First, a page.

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Booed Off The Team

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Booed Off The Team

Posted on 28 February 2013 by Jennifer Gosline

Every season there is that black sheep of the team. The one that has to endure embarrassing ridicule from their own fans.

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The player has to constantly listen to the collective booing throughout the ballpark. Heckling angry voices on their own turf.

When fans are upset with a particular player they have no issue letting them know. Sometimes the cruelty happens even before the struggling player steps into the batter’s box. He is supposed to be supported at his home field, instead he is viciously mocked before he even has a chance to swing the bat.

As the regular season approaches, I wonder who will be singled-out this year.

It is no question that fans will be disappointed when a player’s performance is lacking, but how does all their negativity affect the player? The distraction must make it more difficult to break out of that struggle. Then as the howling gets louder, the player becomes worse until eventually some are booed off the team.

I often think about what goes through these players minds when all of this is happening. If they want to get traded or released after being constantly rejected, or if they use the haters as motivation to prove them wrong.

When I initially started to write this post it was more in the favor of the fans. I did not want the risk of the negative comments and being basically booed off this website, but I suppose no matter what the opinion is, some people are always going to find a way to tear it down.

So this is how I really feel: I do not agree with the lack of compassion that some fans display. Not only lack of compassion, but complete disregard for good sportsmen-ship. No one is polite anymore.

I do, however, understand the fan’s point of view.

I get why the fans are so upset. They are paying good money for some fine entertainment and they want to see their team win. They are the ones buying the tickets, buying the merchandise, filling the stands, so they should be able to voice their opinions. It is their team and they have the right to be involved. That I agree with.

But what I do not agree with is the obnoxious rants coming from an enormous amount of people. The basic disrespect of others. Just because they are professional athletes does not mean they are immune to emotions. During interviews they say they shake off the negativity and focus on the game, but I think it is more like pouring salt on an open wound. Kicking them when they are down. Constantly being bullied has to play a role in their continuing struggle in the game.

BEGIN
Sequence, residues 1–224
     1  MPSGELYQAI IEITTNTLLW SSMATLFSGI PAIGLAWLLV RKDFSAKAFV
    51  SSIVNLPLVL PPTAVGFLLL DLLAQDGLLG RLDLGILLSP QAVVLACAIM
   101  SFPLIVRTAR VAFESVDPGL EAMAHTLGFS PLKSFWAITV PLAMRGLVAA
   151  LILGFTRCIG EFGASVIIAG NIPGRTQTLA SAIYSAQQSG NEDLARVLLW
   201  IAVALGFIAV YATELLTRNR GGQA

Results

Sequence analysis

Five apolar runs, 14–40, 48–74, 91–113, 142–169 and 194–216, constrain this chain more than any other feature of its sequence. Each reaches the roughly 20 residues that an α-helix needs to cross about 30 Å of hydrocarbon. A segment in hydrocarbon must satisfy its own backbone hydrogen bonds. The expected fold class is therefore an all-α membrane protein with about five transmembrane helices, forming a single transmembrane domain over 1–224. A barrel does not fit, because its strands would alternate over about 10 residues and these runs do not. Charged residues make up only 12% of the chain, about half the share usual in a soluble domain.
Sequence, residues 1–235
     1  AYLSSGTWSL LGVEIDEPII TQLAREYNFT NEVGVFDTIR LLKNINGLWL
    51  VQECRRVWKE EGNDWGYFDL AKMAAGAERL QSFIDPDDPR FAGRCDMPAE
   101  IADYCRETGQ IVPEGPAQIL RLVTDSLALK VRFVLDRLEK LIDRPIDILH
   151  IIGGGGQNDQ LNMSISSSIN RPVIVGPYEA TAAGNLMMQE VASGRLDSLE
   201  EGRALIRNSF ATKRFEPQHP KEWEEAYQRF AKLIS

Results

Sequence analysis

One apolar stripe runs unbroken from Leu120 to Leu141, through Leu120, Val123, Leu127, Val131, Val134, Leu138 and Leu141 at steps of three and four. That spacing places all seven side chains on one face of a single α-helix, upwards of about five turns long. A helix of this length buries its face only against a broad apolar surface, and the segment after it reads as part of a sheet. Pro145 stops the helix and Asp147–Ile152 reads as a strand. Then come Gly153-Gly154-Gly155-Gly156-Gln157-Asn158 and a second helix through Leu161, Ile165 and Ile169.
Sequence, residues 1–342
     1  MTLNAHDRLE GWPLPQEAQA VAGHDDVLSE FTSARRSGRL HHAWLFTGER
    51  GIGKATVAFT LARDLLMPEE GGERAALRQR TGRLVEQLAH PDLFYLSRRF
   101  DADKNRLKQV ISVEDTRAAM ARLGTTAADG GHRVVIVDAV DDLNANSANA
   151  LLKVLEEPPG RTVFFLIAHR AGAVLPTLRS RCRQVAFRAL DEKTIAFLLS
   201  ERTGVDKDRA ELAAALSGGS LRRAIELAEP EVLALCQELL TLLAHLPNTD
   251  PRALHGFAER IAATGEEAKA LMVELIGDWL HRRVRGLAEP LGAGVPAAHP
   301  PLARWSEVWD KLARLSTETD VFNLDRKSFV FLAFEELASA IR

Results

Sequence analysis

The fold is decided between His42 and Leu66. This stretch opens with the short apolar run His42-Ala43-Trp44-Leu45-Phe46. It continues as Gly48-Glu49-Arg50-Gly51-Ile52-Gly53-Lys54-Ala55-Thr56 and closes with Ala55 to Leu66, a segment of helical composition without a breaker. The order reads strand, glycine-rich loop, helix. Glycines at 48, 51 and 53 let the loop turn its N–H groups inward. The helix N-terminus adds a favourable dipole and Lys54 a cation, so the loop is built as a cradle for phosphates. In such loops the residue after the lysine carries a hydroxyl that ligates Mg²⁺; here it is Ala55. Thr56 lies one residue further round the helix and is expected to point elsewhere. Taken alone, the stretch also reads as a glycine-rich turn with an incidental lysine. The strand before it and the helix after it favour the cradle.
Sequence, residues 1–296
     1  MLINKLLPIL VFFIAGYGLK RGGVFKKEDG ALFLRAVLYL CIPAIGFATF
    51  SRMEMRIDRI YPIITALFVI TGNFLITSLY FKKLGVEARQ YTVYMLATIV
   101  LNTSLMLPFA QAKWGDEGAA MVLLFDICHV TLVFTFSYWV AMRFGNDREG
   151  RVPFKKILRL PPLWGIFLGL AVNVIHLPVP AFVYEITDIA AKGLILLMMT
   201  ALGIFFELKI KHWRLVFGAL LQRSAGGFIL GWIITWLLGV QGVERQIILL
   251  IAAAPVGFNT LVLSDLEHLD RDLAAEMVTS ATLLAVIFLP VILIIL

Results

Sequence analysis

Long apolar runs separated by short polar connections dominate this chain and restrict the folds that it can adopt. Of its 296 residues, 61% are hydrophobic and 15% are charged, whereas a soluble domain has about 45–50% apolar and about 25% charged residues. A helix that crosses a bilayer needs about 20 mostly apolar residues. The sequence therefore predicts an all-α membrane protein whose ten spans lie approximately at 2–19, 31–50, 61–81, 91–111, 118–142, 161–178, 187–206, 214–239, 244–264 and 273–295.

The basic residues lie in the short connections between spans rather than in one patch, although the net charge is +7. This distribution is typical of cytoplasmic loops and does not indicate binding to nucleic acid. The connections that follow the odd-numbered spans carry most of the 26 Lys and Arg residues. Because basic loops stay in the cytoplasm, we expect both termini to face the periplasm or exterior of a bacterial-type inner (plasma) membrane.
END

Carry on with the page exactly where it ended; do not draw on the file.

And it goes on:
This is supposed to be America’s favorite past time, not a place to be surrounded by complainers. And not a place to show children, some of them future ballplayers, how to tear somebody down.

We live in a society where every one is aware of the bullying that goes on in schools. Adults try to stop it at all costs. There are meetings about it. Articles about it. Videos about it. Adults do not want their kids bullied. So what makes it any different if it is a school or a baseball field? A child or an adult?

Do people think it is okay to harass athletes because they get paid millions of dollars? Yes, I agree if they are paid they need to be doing what they are paid for, but bullying will not make them perform any better. Just as bullying a co-worker or a fellow student will not make them suddenly change.

The players already know they are struggling.

Obviously, being booed off a team is not ideal, and if I have to find a silver lining in all of this, I will. So here is my attempt: There seems to be a pattern where after these players get away from the unforgiving environment, they thrive. It seems like a huge weight is lifted off their shoulders when they find a new team. Suddenly they remember how to make contact with the ball. They figure out how to make plays on the field. They see the ball better.